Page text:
1845 entire headed May 26th 1845 from John King, Master at Arms on board Her Majesty's Ship Pique, Antigua (a naval soldier responsible for discipline and law enforcement aboard a ship) countersigned Horace Baker (Lieutenant & Commanding Officer) to his wife in Devonshire Buildings in Bath without the customary manuscript "1d paid" in red ink (as applied on land) but with his last ("my last") GB QV 1d coin sewn alongside the address panel confirmed by London PAID JU 20 1845 transit (not deemed overweight or subject to additional charge). Although a few dozen Soldier's Letters are recorded for the prestamp period this seems to be the only recorded accepted stampless Sailor's Letter from the BWI prior 1850. Contents include mention of discovery that the Foremast is so rotten, and a portion sent to the Admiralty with expectation of being ordered Home by September unless the mast is ordered to be built at Halifax or Port Royal "which I do not think they will do now the ship is three years in Commission". (Between 1841 and 1846 Pique, a sailing frigate with 36 guns, served on the North America and West Indies Station, on 10 March 1842 the Illustrious (see David Pitts lots 39, 159), with the Pique, Fair Rosamond and Spitfire departed Barbados for Antigua and Jamaica).
A scan of the entire has been mounted on card and an actual 1845 1d coin has been sewn on with hemp, using the original 7 in and 7 out needle holes, to simulate how it could have looked, although it was on reverse in actual transit. Only one other BWI prepayment by sewn 1d coin entire is known written January 24th 1847 and posted on land with ANTIGUA double arc JA 27 1847 on a Soldiers Letter (ex Gerald Sattin) to a shoe maker in Edinburgh, the coin evidently was also sewn to the reverse as the circumference of the sewing holes obscure the frontal addressing.
£6500

BERMUDA postal history
1852 wrapper, no side flaps, to George Clerk, Ireland Island with red HAMILTON+BERMUDA (PM4) dated JA 1 1852 (day slug inverted) struck on face due being a locally addressed letter. Ex TUCKER, ULRICH, "LONGTAIL".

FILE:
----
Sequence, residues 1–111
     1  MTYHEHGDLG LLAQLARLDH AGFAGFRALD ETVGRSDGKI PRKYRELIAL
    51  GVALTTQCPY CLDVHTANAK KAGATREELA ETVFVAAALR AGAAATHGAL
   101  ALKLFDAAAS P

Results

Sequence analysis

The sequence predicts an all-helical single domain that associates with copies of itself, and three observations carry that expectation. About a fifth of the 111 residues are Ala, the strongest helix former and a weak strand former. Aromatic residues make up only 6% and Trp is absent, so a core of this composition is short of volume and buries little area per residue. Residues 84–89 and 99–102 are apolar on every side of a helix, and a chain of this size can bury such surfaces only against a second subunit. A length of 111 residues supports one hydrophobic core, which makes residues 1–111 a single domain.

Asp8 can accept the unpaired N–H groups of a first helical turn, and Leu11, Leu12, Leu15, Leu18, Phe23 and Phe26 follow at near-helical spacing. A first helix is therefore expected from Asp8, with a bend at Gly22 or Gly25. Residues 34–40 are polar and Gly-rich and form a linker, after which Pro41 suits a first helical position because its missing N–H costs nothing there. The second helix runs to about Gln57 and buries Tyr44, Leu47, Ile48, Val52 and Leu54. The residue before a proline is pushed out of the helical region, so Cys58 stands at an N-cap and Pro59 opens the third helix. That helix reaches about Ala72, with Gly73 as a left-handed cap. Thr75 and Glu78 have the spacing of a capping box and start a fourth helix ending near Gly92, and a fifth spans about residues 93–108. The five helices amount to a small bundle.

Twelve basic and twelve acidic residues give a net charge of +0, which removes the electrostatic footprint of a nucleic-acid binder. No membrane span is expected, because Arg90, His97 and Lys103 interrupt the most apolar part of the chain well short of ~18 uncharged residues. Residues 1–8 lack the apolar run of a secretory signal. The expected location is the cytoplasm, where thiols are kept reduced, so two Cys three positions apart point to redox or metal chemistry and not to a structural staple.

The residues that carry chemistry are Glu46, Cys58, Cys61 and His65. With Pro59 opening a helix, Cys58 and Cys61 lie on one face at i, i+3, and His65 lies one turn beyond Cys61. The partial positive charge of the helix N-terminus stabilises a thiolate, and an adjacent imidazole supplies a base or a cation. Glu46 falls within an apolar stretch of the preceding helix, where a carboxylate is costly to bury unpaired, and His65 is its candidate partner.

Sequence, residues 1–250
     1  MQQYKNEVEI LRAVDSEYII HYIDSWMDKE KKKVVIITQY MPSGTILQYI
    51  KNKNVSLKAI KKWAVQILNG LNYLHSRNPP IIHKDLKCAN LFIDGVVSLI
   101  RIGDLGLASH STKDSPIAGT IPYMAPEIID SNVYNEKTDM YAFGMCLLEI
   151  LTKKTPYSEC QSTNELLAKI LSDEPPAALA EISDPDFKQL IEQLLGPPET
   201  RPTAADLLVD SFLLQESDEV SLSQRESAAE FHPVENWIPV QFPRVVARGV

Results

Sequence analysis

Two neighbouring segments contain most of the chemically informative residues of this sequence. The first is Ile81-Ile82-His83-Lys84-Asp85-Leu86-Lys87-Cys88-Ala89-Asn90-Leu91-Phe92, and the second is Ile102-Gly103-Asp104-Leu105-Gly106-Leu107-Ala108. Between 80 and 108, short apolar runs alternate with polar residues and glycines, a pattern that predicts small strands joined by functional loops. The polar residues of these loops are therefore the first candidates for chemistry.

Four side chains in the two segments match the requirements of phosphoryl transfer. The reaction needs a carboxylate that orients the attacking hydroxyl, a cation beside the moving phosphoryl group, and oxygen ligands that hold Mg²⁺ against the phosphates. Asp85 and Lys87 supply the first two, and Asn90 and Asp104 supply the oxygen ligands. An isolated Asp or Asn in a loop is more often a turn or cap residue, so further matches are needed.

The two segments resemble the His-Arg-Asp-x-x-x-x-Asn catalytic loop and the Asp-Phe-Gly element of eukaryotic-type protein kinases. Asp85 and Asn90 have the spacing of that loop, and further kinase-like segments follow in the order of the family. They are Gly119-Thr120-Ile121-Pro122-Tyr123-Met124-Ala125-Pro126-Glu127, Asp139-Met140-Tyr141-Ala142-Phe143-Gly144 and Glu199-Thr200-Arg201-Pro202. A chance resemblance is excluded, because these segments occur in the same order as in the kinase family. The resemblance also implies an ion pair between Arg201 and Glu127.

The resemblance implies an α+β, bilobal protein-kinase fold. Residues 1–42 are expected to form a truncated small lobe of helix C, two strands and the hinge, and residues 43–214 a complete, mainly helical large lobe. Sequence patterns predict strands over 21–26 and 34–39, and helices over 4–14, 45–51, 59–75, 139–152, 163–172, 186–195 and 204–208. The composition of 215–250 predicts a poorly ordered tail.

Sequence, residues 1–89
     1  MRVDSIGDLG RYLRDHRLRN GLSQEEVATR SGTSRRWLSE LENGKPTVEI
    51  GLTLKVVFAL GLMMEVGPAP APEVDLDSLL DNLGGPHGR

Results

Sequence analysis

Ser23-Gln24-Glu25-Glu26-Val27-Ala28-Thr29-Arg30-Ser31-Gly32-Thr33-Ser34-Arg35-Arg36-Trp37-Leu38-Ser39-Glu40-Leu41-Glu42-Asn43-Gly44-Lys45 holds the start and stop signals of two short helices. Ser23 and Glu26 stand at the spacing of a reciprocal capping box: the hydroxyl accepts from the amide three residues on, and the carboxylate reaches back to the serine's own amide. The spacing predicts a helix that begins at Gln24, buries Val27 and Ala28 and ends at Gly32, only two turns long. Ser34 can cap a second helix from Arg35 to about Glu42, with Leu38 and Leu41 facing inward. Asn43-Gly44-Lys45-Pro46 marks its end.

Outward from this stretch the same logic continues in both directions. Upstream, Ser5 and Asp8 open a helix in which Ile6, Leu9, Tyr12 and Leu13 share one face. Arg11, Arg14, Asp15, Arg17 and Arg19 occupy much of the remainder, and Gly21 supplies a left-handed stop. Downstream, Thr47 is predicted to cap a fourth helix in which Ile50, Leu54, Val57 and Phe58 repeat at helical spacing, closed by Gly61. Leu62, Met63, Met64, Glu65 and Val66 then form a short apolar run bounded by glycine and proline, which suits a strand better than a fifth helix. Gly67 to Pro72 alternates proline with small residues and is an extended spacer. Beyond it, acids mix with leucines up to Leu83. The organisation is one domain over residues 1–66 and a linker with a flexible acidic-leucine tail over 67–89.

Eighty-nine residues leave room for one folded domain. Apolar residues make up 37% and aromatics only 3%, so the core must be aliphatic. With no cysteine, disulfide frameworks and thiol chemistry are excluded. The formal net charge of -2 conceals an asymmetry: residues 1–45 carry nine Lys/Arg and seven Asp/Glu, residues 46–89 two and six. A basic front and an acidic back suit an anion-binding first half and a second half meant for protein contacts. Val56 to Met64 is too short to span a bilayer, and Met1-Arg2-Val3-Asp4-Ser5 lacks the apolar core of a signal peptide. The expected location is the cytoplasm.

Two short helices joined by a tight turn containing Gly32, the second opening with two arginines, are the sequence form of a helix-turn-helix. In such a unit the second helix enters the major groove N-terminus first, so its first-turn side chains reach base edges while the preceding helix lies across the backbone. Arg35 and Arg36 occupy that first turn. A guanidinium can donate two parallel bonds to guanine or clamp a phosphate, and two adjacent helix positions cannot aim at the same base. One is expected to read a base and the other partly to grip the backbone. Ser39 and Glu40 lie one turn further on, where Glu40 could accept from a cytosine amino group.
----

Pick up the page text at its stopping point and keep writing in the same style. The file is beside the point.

The Forand/Freeland handbook only records two red PM4 entires to Ireland Island (other dated OC 4 1854).
£375





BRITISH GUIANA postal history
Berbice, 6th July, 1815 str. line handstamp (35 x 2mm high), partly doubly struck which displays on upper flap of entire headed Hope & Experiment to Hugh McCalmont in Belfast rated 2/6 changed 3/3. Only five examples currently recorded. Ex LESLIE RAY. The easy-to-read contents from John Lennan mention the cotton crop, multiplying cattle and sheep due low prices, a recent heavy squall which brought no less than 7000 plantation trees to the ground, the current planting of land for plantains which was under water for 3 years, purchase of some Negroes at Vendue, the Negoes being pretty healthy at present, Jack having died from old age, and the woman Quasheba having died, supposed, from the effects of obia, done by the Negro Alfred, a request for a box of pipes for the Negroes plus better jackets.
The four other examples being dated 22 June 1814 (two separate entires), 11 March 1815, and 13 May 1815
£1250


FIRST EVER MAIL CARRIED BY TWEED - PRIOR START R.M.S.P. SAILINGS FROM FALMOUTH 3rd JANUARY 1842
1841 business entire from Messrs. Stewart & Westmoreland, London to Alexander Logan, May Hill P.O., Manchester, Jamaica initially marked “Paid” and rated “8” with red PAID SHIP LETTER/(crown)/17 DE 17/1841/LONDON, but with the “Tweed” leaving for her West Indies station the following day the entire changed to “p. packet” and duly rated 1/- (unpaid) prior precise inscription of “By Ship” (no R.M.S. prefix as the R.M.S.P.Co not officially up and running) and “Steamer Tweed” arriving as a “ship letter” as handstamped KINGSTON SHIP LETTER (SL3) dated JA 17 1842. An exceptional first page item of R.M.S.P. Co. postal history showing all the intricate detail of “first ever” mail carried by the company to the West Indies.
The R.M.S.P. handbook by Kenton & Parsons notes on Page 10 that the Tweed “carried some Ship letter mail to Jamaica and Arr. 17/1”
£5250